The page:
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Anna Karenina 406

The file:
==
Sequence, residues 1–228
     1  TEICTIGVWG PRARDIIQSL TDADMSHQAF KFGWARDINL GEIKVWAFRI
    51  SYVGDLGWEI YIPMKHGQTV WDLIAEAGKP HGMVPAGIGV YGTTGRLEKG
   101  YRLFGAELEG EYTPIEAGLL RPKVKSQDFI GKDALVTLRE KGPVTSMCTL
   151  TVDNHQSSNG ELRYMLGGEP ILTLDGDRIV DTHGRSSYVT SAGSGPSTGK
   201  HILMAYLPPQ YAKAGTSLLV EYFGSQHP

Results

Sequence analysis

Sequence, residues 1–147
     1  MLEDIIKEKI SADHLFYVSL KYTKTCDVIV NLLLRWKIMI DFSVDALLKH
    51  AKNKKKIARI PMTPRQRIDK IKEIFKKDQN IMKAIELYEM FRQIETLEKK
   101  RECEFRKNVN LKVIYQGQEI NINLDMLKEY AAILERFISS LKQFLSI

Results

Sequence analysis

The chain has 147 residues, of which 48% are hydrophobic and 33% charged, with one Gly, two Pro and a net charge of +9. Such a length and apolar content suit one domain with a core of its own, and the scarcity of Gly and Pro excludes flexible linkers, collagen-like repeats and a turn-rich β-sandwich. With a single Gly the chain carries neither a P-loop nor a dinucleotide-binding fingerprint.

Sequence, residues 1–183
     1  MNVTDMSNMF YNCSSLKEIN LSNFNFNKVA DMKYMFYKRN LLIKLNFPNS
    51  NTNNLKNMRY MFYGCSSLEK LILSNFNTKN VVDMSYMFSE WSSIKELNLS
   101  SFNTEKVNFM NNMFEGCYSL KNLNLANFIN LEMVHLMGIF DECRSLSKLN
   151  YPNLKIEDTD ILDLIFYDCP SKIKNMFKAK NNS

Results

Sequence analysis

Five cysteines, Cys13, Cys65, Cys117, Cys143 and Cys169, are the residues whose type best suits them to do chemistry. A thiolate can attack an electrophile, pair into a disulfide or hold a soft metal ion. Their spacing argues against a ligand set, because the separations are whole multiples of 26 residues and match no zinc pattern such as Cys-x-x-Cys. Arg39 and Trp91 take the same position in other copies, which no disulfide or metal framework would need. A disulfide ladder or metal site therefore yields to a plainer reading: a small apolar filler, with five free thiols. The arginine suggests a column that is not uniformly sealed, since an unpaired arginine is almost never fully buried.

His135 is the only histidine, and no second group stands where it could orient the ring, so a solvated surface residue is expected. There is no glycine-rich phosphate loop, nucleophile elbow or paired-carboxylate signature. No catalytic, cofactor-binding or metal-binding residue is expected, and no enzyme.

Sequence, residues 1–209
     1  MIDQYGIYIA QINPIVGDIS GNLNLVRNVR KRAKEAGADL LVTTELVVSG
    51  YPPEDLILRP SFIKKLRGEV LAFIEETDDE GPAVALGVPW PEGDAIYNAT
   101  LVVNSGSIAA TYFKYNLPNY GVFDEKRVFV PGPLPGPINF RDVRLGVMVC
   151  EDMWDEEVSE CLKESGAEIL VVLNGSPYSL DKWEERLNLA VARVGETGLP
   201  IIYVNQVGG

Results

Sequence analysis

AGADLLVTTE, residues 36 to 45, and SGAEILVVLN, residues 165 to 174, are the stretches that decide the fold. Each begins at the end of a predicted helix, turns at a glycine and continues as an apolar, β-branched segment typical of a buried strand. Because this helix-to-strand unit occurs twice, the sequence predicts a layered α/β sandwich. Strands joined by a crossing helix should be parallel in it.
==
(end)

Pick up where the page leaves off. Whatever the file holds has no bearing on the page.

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to get flurried or out of temper, Levin mentioned the names of the doctor and midwife, and explaining what the opium was needed for, tried to persuade him. The assistant inquired in German whether he should give it, and receiving an affirmative reply from behind the partition, he took out a bottle and a funnel, deliberately poured the opium from a bigger bottle into a little one, stuck on a label, sealed it up, in spite of Levins request that he would not do so, and was about to wrap it up too. This was more than Levin could stand; he took the bottle firmly out of his hands, and ran to the big glass doors. The doctor was not even now getting up, and the footman, busy now in putting down the rugs, refused to wake him. Levin deliberately took out a ten rouble note, and, careful to speak slowly, though losing no time over the business, he handed him the note, and explained that Pyotr Dmitrievitch (what a great and important personage he seemed to Levin now, this Pyotr Dmitrievitch, who had been of so little consequence in his eyes before!) had promised to come at any time; that he would certainly not be angry! and that he must therefore wake him at once. The footman agreed, and went upstairs, taking Levin into the waiting room. Levin could hear through the door the doctor coughing, moving about, washing, and saying something. Three minutes passed; it seemed to Levin that more than an hour had gone by. He could not wait any longer. "Pyotr Dmitrievitch, Pyotr Dmitrievitch!" he said in an imploring voice at the open door. "For Gods sake, forgive me! See me as you are. Its been going on more than two hours already." "In a minute; in a minute!" answered a voice, and to his amazement Levin heard that the doctor was smiling as he spoke. "For one instant." "In a minute." Two minutes more passed while the doctor was putting on his boots, and two minutes more while the doctor put on his coat and combed his hair. "Pyotr Dmitrievitch!" Levin was beginning again in a plaintive voice, just as the doctor came in dressed and ready. "These people have no conscience," thought Levin. "Combing his hair, while were dying!" "Good morning!" the doctor said to him, shaking hands, and, as it were, teasing him with his composure. "Theres no hurry. Well now?" Trying to be as accurate as possible, Levin began to tell him every unnecessary detail of his wifes condition, interrupting his account repeatedly with entreaties that the doctor would come with him at once. "Oh, you neednt be in any hurry. You dont understand, you know. Im certain Im not wanted, still Ive promised, and if you like, Ill come. But theres no hurry. Please sit down; wont you have some coffee?" Levin stared at him with eyes that asked whether he was laughing at him; but the doctor had no notion of making fun of him. "I know, I know," the doctor said, smiling; "Im a married man myself; and at these moments we husbands are very much to be pitied. Ive a patient whose husband always takes refuge in the stables on such occasions." "But what do you think, Pyotr Dmitrievitch? Do you suppose it may go all right?" "Everything points to a favorable issue." "So youll come immediately?" said Levin, looking wrathfully at the servant who was bringing in the coffee. "In an hours time." "Oh, for mercys sake!" "Well, let me drink my coffee, anyway." The doctor started upon his coffee. Both were silent. "The Turks are really getting beaten, though. Did you read yesterdays telegrams?" said the doctor, munching some roll. "No, I cant stand it!" said Levin, jumping up. "So youll be with us in a quarter of an hour." "In half an hour." "On your honor?" When Levin got home, he drove up at the same time as the princess, and they went up to the bedroom door together. The princess had tears in her eyes, and her hands were shaking. Seeing Levin, she embraced him, and burst into tears. "Well, my dear Lizaveta Petrovna?" she queried, clasping the hand of the midwife, who came out to meet them with a beaming and anxious face. "Shes going on well," she said; "persuade her to lie down. She will be easier so." From the moment when he had waked up and understood what was going on, Levin had prepared his mind to bear resolutely what was before him,

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